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Filing a Preliminary Notice in Utah: What You Must Know

Filing a Preliminary Notice in Utah: What You Must Know

November 6, 2019

Filing a preliminary notice is a must for all construction professionals in Utah. Failing to file a preliminary notice may be fatal to your right to file a mechanics lien.

The preliminary notice is pretty standard for most states, but unlike other states, Utah has an online filing system that everyone looking to file a preliminary notice must use. This system is known as the Utah state construction registry or SCR.

It is arguably much easier to file a preliminary notice in Utah because you will simply input the information required. There is no required formatting or language, and there is less risk of filing a notice with missing information. However, finding those pieces of information may be a little more involved.

This guide provides detailed steps, tips, and tricks when filing the preliminary notice in Utah. It also answers some of the commonly asked questions and discusses the common mistakes potential lien claimants make when filing the Utah preliminary notice.

Who must file a preliminary notice in Utah?

All parties that have the right to file a mechanics lien must file the Utah preliminary notice. That includes general contractors, subcontractors, material suppliers, and even designers and planners.

Why is it important to file a preliminary notice in Utah?

All construction liens in Utah are valid only if a preliminary notice has been recorded. Without filing a preliminary notice, you might as well consider your mechanics lien null and void.

In essence, filing the Utah preliminary notice is basically protecting your lien rights. You must always seek to protect your lien rights because this right is exclusive to the construction industry—this right protects you from being ripped off and it allows you to pursue payment from delinquent clients.

Payment disputes and delays often happen in the construction industry, so it is in your best interest to protect your right to file a mechanics lien at all costs. 

When should you file a Utah preliminary notice?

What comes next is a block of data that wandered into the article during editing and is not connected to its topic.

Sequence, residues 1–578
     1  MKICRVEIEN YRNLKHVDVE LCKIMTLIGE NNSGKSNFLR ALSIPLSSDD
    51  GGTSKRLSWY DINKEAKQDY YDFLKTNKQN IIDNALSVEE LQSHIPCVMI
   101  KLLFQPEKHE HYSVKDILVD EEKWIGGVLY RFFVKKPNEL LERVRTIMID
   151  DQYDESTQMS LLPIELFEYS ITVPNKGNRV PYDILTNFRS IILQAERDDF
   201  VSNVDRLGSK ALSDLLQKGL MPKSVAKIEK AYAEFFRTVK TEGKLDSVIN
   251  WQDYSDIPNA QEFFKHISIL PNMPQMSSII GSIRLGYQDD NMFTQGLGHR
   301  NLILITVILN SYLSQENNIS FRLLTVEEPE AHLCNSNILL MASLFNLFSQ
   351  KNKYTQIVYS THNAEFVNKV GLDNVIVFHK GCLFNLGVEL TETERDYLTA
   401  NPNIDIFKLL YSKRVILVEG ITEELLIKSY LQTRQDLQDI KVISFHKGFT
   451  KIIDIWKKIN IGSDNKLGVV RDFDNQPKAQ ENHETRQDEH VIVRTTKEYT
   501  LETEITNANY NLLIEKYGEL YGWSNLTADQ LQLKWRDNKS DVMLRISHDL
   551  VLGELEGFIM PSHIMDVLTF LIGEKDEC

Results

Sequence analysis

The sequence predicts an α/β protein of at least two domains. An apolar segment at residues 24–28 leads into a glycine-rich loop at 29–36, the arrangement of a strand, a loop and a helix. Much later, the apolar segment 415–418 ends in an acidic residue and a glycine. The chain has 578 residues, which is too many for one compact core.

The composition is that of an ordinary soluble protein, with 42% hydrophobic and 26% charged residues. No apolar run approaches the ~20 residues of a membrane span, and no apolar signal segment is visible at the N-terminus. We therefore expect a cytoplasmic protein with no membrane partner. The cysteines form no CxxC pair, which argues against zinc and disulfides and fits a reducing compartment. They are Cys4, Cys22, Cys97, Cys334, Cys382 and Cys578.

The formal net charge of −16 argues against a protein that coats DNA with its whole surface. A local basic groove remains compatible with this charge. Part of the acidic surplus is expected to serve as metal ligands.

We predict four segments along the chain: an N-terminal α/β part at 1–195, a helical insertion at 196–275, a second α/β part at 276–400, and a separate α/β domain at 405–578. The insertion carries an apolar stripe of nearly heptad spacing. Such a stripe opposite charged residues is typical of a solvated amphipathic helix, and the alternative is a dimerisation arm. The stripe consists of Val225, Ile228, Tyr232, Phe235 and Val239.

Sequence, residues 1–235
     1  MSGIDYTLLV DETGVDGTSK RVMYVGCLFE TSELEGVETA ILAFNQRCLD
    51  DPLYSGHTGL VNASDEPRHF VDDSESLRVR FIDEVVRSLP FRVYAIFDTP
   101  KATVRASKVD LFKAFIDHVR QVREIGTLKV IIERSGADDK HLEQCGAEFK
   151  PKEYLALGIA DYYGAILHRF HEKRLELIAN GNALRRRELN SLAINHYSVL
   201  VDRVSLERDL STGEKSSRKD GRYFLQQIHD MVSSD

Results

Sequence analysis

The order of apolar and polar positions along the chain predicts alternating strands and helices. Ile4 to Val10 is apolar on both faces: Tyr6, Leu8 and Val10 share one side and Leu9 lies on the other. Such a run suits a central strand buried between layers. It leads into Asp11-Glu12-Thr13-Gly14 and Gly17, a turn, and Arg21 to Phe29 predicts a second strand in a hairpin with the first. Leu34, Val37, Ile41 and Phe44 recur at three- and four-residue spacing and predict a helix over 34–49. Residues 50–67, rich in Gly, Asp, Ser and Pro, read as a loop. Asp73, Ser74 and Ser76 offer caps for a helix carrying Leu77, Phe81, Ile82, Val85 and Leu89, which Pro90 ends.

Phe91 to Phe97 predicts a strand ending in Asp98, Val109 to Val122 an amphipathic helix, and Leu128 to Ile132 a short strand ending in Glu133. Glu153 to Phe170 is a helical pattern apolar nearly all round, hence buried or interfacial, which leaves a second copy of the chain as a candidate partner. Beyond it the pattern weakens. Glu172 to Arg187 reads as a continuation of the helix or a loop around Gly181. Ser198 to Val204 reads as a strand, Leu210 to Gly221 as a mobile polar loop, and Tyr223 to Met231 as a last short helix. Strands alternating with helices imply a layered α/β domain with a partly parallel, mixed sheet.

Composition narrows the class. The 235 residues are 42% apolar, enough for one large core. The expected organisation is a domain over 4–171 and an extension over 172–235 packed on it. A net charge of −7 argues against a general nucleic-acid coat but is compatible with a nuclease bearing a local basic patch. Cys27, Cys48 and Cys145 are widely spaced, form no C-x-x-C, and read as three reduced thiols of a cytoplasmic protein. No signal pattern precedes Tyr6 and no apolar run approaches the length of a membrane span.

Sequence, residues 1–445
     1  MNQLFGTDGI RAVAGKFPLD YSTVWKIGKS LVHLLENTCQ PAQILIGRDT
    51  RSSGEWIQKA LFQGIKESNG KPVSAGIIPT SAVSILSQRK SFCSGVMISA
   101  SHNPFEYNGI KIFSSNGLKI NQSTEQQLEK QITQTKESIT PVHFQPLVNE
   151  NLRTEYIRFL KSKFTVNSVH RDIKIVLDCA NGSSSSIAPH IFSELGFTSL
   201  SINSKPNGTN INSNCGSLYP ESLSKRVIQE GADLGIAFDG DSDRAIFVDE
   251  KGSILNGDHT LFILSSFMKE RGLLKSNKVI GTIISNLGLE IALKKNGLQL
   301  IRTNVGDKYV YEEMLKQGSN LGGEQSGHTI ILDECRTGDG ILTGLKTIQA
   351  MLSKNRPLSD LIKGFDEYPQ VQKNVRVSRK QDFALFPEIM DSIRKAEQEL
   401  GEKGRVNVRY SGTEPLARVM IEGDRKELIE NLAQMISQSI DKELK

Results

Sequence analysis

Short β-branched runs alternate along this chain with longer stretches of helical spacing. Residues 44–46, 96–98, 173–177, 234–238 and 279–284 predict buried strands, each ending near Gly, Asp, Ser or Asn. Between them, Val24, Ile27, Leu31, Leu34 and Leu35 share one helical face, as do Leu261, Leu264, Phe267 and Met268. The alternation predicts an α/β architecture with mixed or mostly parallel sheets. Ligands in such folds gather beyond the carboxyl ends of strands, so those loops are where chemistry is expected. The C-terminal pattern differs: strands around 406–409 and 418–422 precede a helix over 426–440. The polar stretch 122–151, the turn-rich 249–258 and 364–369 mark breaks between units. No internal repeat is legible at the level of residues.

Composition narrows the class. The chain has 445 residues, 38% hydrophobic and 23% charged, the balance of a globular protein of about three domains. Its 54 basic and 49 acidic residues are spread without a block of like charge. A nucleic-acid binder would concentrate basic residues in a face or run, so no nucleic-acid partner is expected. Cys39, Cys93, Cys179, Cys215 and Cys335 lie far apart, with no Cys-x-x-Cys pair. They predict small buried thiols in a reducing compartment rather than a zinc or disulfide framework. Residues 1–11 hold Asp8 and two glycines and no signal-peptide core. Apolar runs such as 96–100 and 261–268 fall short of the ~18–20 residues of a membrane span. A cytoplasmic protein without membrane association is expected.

The preliminary notice must be filed within 20 days after you first provide service, labor, or materials to a project.

TIP: File your preliminary notice as early as possible. Do not wait until the last day to file this very important notice.

When to file a Utah preliminary notice

What happens if you file the Utah preliminary notice after the 20-day time frame?

Filing the preliminary notice late does not automatically revoke your lien rights. You may still file your preliminary notice after the 20th day from your first day of work. However, you may file a mechanics lien only for all the work that you have done starting from the 6th day after you have filed your notice.

Say, you started working on August 1 and you missed filing the preliminary notice before August 21. If you end up filing the preliminary notice on August 22, your mechanics lien can only be enforceable for the work that you’ve performed since August 28.

However, if a project is over and a Notice of Completion has been filed by the owner, you may not file a preliminary notice 10 days after the Notice of Completion filing date. Beyond this 10-day period, all preliminary notices are invalid.

So if a project ends on September 1, you must file a late preliminary notice before September 11. Keep in mind that this will only cover the work that you could potentially do after the project has already closed.

How to File a Utah Preliminary Notice: 2 Basic Steps

1. Gather the required information

2. Record the preliminary notice in the Utah state construction registry (SCR) online

1. Gather the required information for the preliminary notice

Preparing the Utah preliminary notice document begins with gathering the information that you need. You must have the following details ready when you file your preliminary notice in Utah:

  • Your name, address, telephone number, and email address;
  • The name and address of the person with whom you have a contract for the project;
  • The name of the record or reputed owner;
  • The name of the original contractor for construction work under which you provide or will provide construction work;
  • The address of the project property or a description of the location of the project;
  • The name of the county in which the project property is located

You must also provide ONE of the following pieces of information:

  • The tax parcel identification number of each parcel included in the project property;
  • The entry number of a previously filed notice of construction loan under Section 38-1a-601 on the same project;
  • The entry number of a previously filed preliminary notice on the same project that includes the tax parcel identification number of each parcel included in the project property; or
  • The entry number of the building permit issued for the project

Where do you find the required information for the Utah preliminary notice?

Some of these pieces of information are fairly straightforward (e.g. your name and address) but others may be more difficult to find. The following are some of the places to which you can go to search for the information that you need: